“We expect an increase flow of tourists among the residents in the border areas between Murmansk and Finnmark,” Marine Kovtun said at the meeting with the regional delegation from Norway on Tuesday.
Runar Sjåstad expressed a hope that the visa-freedom in the border areas will promote even more the ongoing dialogue between Finnmark and Murmansk. He also highlighted the prospects for collaboration in economic development across the border.
The agreement on visa-free travel for inhabitants in the Norwegian-Russian border areas enters force on May 29. The day after, Norway’s Minister of Foreign Affairs, Jonas Gahr Støre arrives in Kirkenes to witness the issuing of the first documents for visa-free border crossing to Russia. The area covered by visa-freedom for local residents includes Kirkenes on the Norwegian side and the municipality of Pechenga on Russia’s Kola Peninsula.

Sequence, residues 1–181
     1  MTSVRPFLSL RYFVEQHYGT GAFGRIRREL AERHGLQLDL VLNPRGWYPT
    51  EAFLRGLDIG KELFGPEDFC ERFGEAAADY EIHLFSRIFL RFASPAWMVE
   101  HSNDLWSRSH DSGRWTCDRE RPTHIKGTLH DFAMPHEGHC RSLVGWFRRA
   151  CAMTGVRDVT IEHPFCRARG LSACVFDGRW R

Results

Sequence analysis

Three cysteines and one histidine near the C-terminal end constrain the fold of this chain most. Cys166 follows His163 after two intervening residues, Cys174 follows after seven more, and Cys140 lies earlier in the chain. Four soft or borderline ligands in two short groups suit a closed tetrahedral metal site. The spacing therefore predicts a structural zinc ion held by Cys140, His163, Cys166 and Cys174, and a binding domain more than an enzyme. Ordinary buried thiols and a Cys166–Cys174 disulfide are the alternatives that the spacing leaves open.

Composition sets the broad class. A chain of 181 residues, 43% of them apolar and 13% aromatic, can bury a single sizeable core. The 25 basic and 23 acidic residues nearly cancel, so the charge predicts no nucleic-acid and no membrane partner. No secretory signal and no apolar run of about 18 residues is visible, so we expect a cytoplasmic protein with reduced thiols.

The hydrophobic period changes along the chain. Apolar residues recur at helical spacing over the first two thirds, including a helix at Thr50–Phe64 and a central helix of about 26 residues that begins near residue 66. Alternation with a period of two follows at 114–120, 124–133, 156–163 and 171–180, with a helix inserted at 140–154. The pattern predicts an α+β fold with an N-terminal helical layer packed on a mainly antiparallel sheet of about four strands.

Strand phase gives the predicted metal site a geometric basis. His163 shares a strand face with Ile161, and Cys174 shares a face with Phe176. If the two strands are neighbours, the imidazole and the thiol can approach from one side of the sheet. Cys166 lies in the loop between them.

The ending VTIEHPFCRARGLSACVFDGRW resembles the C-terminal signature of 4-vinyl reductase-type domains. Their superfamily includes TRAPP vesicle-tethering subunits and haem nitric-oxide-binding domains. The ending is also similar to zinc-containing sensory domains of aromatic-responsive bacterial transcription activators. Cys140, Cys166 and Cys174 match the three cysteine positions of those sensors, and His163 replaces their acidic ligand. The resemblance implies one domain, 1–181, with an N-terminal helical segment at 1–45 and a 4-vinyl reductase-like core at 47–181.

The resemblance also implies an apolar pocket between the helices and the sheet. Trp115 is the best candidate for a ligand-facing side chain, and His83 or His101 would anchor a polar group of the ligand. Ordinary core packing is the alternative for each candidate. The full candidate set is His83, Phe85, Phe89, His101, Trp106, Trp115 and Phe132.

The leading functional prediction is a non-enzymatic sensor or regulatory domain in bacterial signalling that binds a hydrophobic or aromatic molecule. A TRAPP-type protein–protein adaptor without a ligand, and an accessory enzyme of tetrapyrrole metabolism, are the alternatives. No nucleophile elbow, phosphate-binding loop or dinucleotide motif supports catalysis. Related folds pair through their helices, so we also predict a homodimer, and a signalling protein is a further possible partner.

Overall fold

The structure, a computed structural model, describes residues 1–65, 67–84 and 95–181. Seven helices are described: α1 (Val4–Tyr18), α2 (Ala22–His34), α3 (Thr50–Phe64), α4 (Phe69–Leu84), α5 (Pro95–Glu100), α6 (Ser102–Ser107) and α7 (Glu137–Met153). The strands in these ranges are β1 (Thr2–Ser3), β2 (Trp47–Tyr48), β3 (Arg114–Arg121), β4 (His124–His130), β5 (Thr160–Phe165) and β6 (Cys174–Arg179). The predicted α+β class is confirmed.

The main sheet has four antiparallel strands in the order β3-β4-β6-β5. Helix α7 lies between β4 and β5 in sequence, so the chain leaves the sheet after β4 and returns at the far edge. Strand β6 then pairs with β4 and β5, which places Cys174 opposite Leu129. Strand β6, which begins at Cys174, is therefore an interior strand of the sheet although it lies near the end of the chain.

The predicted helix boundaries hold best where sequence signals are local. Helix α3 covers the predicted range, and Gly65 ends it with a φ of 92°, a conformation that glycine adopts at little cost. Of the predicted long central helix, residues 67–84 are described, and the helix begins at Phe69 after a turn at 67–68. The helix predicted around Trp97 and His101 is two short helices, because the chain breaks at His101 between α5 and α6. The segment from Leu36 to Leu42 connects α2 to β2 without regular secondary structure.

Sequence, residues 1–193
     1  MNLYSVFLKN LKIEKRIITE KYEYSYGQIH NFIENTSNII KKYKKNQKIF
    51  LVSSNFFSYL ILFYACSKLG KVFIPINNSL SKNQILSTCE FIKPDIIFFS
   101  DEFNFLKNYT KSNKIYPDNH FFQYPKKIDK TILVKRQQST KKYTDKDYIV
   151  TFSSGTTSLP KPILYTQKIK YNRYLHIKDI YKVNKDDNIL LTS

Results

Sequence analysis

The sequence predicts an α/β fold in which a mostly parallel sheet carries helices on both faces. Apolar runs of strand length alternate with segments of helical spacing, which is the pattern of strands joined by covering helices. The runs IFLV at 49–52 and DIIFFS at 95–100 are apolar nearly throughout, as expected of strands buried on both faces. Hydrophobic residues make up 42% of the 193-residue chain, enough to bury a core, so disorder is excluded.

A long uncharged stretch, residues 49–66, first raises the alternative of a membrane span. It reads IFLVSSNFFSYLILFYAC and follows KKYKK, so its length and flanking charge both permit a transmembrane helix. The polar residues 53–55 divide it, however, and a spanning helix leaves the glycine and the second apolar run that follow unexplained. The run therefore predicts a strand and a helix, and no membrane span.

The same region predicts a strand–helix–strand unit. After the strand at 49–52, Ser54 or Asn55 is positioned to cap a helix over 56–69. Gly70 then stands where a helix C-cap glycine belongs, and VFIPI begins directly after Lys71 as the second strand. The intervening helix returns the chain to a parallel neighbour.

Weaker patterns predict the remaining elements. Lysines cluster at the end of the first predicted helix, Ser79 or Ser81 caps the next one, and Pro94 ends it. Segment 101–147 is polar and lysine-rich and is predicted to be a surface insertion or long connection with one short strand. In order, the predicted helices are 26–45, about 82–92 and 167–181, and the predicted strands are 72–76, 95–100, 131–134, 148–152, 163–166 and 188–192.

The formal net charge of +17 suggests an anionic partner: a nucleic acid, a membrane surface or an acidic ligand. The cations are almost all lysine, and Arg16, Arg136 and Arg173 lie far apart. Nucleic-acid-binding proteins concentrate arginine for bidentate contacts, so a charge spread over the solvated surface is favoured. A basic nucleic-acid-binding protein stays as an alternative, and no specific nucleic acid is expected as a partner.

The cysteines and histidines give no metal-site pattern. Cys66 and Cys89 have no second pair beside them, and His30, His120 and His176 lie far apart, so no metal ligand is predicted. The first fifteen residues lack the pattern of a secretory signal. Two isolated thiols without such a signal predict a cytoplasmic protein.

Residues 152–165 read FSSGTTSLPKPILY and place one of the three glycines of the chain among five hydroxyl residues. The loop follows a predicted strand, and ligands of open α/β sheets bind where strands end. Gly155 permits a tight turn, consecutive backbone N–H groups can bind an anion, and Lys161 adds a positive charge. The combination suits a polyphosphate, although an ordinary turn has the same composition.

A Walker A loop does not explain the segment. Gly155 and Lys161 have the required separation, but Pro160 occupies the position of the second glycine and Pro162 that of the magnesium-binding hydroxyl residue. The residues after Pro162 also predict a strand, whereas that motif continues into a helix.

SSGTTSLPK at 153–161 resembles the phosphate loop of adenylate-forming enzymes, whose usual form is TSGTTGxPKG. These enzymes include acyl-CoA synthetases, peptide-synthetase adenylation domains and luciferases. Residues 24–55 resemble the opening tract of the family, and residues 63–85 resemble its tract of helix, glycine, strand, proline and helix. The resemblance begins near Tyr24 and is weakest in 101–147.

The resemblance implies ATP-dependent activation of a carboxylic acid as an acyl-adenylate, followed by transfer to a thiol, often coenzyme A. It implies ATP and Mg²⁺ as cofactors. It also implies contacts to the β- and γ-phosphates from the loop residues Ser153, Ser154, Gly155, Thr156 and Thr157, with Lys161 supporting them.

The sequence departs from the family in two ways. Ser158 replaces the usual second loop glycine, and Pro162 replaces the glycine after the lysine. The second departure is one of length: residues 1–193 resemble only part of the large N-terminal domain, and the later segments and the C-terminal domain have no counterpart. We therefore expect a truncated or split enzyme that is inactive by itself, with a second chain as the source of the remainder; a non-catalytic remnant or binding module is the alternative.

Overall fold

Traffic across the Norwegian-Russian border has been increasing steadily for the last years, and the introduction of visa-free travel is expected to give the development an even further push.
MURMANSK: Ecological groups gathered on Kola Peninsula fear that Barents nature will be the looser after Oslo decided to call off the environmental minister’s Moscow meeting in response to Russia’s annexation of Crimea.
TROMSØ: Since the first five specimens of snow crab were found in the Barents Sea in 1996, the population has exploded. There is now ten times as much snow crab than king crab in the area, and scientists are just starting to find out how this new species has adopted to life in the Barents Sea.
The current situation in Ukraine makes cross-border cooperation with the neighboring countries even more important, Barents Secretariat leader Rune Rafaelsen says. At the same time, Norway has joined NATO’s condemnation of Russia’s military escalation on the Crimea peninsula.
Board member Amund Trellevik in the press network fears entry-denial of Kremlin’s controversial propaganda-journalist Dmitry Kiselyov could be retaliated by refusing Norwegian journalists access to Russia.